Make Room For The Stuttering

Posts Tagged ‘myths about stuttering

The Mighty did a nice piece, in conjunction with the National Stuttering Association (NSA,) on truths people who stutter want people who don’t stutter to know.

The NSA asked the question on their Facebook page and asked people to respond. The Mighty used those quotes in the piece they wrote up. They even created graphics and attributed the quotes to the people, like me, who responded.

Check out the piece here – Eight Truths People Who Stutter Wish Everyone Understood. They did a great job!

Last week I went to a presentation on tolerance. The name of the program was called “What Makes You Tic?” The speaker was Marc Elliott, a man in his twenties who was diagnosed with Tourette’s Syndrome when he was 9 years old.

He has lived with strange physical tics for many years, as well as inappropriate outbursts of name calling, cursing, and loud, odd noises.

His most-notable tic is/was the slamming together of his teeth, loudly enough to hear his upper and lower teeth grind and make contact. Imagine doing that for over 20 years!

His talk was very inspirational. He shared about how he often found himself explaining to people in school or out in public that his weird movements or sounds were not intended to bother or offend anyone, but that they were involuntary.

He also has lived with a rare intestinal disorder, making the “taken-for-granted” bodily task of relieving himself a particular challenge as well. He talked about never wanting to use a public restroom. He always felt he was being judged. Even when all he could see, and others could see, were ankles and shoes at the bottom of a stall.

If he heard someone come in to the bathroom, he would make himself stop “his business” in mid-action, in order not to be judged (or so he thought, in his mind.)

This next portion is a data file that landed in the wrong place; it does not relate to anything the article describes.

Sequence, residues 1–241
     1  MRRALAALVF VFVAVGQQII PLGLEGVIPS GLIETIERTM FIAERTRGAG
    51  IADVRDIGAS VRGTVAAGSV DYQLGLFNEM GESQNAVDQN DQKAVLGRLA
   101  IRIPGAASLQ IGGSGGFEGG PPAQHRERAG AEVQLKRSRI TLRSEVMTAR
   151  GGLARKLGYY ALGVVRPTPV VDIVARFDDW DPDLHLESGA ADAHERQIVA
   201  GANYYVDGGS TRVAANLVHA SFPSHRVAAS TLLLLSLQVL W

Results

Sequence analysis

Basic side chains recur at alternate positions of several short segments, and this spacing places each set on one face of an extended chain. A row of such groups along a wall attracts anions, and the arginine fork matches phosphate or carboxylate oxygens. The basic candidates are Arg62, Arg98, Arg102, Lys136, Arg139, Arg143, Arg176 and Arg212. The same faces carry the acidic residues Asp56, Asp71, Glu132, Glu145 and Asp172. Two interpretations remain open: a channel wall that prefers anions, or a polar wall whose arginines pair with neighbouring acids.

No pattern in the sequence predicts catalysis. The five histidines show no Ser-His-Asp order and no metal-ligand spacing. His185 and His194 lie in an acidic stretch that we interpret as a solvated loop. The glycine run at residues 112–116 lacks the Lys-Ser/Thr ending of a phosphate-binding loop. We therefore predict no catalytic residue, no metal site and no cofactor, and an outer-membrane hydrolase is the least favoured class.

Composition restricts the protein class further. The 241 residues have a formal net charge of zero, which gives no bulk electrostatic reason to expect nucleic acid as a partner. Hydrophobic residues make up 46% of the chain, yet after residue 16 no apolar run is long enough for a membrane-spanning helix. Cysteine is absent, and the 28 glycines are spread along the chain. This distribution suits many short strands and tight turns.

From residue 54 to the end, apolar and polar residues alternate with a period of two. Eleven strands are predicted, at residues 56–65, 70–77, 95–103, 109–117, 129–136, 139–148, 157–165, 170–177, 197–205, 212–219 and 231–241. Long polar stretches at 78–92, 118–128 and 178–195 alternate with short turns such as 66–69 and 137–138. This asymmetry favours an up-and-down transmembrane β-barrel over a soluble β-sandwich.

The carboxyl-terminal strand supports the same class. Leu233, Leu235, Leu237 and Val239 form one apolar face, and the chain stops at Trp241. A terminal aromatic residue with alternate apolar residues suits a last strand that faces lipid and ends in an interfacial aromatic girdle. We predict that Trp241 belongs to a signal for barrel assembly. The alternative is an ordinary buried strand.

This is very similar to stuttering. How often have you chose not to speak, or switched words, for fear of how someone would react?

During his talk, Marc  made reference to stuttering. I was not surprised. I knew there was some closeness ( in the brain area) between stuttering and Tourette’s syndrome. And I am always interested in how people with differences manage in their daily lives.

Marc shared that in the last 5 months, he has gained such a level of acceptance for his tics, that he rarely tics in public anymore. He said he almost never thinks about the fear of how others may perceive him, which has given him control over his tics. This is where he made reference to stuttering. And what surprised me, frankly.

He indicated that like Tourettes, if people who stutter could just forget that they stutter, like we do when we sing (!), we would be able to reduce or eliminate stuttering, like he has done with his tics.

He never quite told us how he has eliminated his tics. He said we could read about that in his book, (of the same title, “What Makes You Tic?“) which is due out by the end of the year.

At the end of the program, many people started lining up to speak with him. I got in line, deciding to let him know (gently) what I thought of his comment about stuttering.

I was close to the front of the line, and listened while some young girls cooed about how amazing and inspirational he was. An excited group of three got another friend to take a picture of them with Marc.

When it was my turn, I introduced myself, using some voluntary stuttering until real stuttering took hold. I told him I enjoyed his talk, but was a little curious about his reference to stuttering. I shared with him that if not thinking about stuttering was all it took for me to not stutter, like he no longer tics, then I needed to know the secret right away.

I also said, “I bet you didn’t think anyone who stutters would be in this audience, huh?” He did seem genuinely surprised and commented that he was glad I had come up to him. He also said he was grateful that I had shared a little about stuttering, and that maybe he needs to get more information before he “uses that connection” again.

We spoke for just a few minutes, but I knew I had his attention. While we spoke, he “ticked” quite obviously – his mouth clamped tight a couple of times and his gaze was all over the place. Maybe it was because I was stuttering freely, or like me (with my stuttering), he tics more one-on-one with someone than he does/did when he was on the stage talking and using a microphone.

I think he was actually surprised that I came up to him and had the guts to gently point out (for me anyway) that his analogy about “not thinking” about stuttering wasn’t the answer.

He thanked me and gave me a hug before I left.

I was glad I went up to him and was honest and stuttered openly. We all learn from each other.


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